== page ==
Ancient Monuments

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Fox Hole Cave

A Scheduled Monument in Hartington Middle Quarter, Derbyshire

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Latitude: 53.1926 / 53°11'33"N

Longitude: -1.8522 / 1°51'7"W

OS Eastings: 409974.577481

OS Northings: 366178.830463

OS Grid: SK099661

Mapcode National: GBR 353.SP2

Mapcode Global: WHCDB.J07T

Entry Name: Fox Hole Cave

Scheduled Date: 18 April 1991

Source: Historic England

Source ID: 1011922

English Heritage Legacy ID: 13242

County: Derbyshire

Civil Parish: Hartington Middle Quarter

Traditional County: Derbyshire

Lieutenancy Area (Ceremonial County): Derbyshire

Church of England Parish: Earl Sterndale St Michael and All Angels

Church of England Diocese: Derby


Fox Hole Cave is situated on the steep north slope of High Wheeldon
Hill, less than 30m below the summit and approximately 100m above the
current valley floor. The cave consists of a passage opening out into
several chambers (Entrance, First and Main), and a second deeper series
including the Bear Chamber. The entrance passage and upper chamber are
the main areas of archaeological interest. A number of partial
excavations, carried out between 1928 and the early 1980s, have produced
Mesolithic, Neolithic, Beaker, Bronze Age and Roman material, but it is
the cave's Palaeolithic context that makes it of particular interest.
Later Upper Palaeolithic artefacts of flint and antler have been found
in association with charcoal, denoting a hearth, and bones of horse and
red deer, split and therefore indicative of human activity. Two recent
radiocarbon dates of c.12000BP (Before Present) have been obtained from
antler spearpoints from the cave.
The monument includes all the deposits within the cave, and includes the
flat area outside the cave entrance.

The site of the monument is shown on the attached map extract.

Source: Historic England

Reasons for Scheduling

Palaeolithic caves and rockshelters provide some of the earliest
evidence of human activity in the period from about 400,000 to 10,000
years ago. The sites, all natural topographic features, occur mainly in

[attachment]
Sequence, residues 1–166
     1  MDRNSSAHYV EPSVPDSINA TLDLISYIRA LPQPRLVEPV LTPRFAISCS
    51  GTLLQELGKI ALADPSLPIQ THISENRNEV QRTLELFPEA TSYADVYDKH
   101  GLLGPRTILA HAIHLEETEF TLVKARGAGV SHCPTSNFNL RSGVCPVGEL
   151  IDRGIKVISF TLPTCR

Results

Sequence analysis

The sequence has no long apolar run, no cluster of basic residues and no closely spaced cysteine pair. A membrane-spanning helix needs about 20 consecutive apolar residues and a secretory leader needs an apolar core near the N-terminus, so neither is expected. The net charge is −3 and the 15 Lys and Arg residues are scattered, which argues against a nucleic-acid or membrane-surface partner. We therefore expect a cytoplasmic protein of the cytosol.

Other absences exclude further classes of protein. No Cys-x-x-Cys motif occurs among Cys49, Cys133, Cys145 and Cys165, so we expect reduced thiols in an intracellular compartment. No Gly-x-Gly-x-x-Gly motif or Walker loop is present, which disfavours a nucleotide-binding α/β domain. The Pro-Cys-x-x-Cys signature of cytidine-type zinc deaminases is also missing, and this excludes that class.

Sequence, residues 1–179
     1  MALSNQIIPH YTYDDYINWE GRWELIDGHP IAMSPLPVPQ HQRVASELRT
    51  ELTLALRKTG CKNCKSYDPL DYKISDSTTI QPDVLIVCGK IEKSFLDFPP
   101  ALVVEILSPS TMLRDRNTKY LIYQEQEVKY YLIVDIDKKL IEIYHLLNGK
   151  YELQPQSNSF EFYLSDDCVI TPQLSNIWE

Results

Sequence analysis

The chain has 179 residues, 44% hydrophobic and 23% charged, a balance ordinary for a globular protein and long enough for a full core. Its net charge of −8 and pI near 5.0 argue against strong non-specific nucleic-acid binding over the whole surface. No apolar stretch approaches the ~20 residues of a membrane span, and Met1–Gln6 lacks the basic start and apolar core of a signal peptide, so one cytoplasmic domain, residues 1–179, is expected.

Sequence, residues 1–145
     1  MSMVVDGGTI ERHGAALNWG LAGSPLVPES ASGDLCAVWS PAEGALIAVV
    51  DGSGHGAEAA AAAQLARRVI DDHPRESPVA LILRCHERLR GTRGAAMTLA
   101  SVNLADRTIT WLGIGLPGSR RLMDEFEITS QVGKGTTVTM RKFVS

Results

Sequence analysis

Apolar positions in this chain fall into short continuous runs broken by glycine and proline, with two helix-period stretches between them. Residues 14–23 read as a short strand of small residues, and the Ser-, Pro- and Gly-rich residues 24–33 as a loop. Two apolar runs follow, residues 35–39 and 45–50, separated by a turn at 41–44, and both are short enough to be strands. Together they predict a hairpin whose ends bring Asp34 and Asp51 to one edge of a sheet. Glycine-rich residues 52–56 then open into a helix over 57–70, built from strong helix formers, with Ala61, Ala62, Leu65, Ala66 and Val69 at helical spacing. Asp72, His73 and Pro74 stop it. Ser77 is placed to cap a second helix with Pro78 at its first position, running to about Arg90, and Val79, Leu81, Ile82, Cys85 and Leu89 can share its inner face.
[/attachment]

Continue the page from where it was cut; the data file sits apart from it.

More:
hard limestone in the North and West of the country, although examples
also exist in the softer rocks of South-East England. Evidence for
human occupation is often located near the cave entrances, close to the
rock walls or on the exterior platforms. The interiors sometimes served
as special areas for disposal and storage or were places where material
naturally accumulated from the outside. Because of the special
conditions of deposition and preservation, organic and other fragile
materials often survive well and in stratigraphic association. Caves
and rockshelters are therefore of major importance for understanding this
period. Due to their comparative rarity, their considerable age and their
longevity as a monument type, all examples with good survival
of deposits, are considered to be nationally important.
The Palaeolithic caves of Derbyshire form an important regional grouping
of which Fox Hole Cave is a significant example owing to the well-
preserved organic artefacts and the survival of in situ deposits. It is
also one of the few northern sites where human activity can be directly
dated to the Late Glacial interstadial.

Source: Historic England


Books and journals
Bramwell, D, Excavations at Foxhole Cave, High Wheeldon, 1961-70, (1971)
Campbell, J B, The Upper Palaeolithic of Britain, (1977)
Ford, T D, Gill, D W, Caves of Derbyshire, (1984)

Source: Historic England

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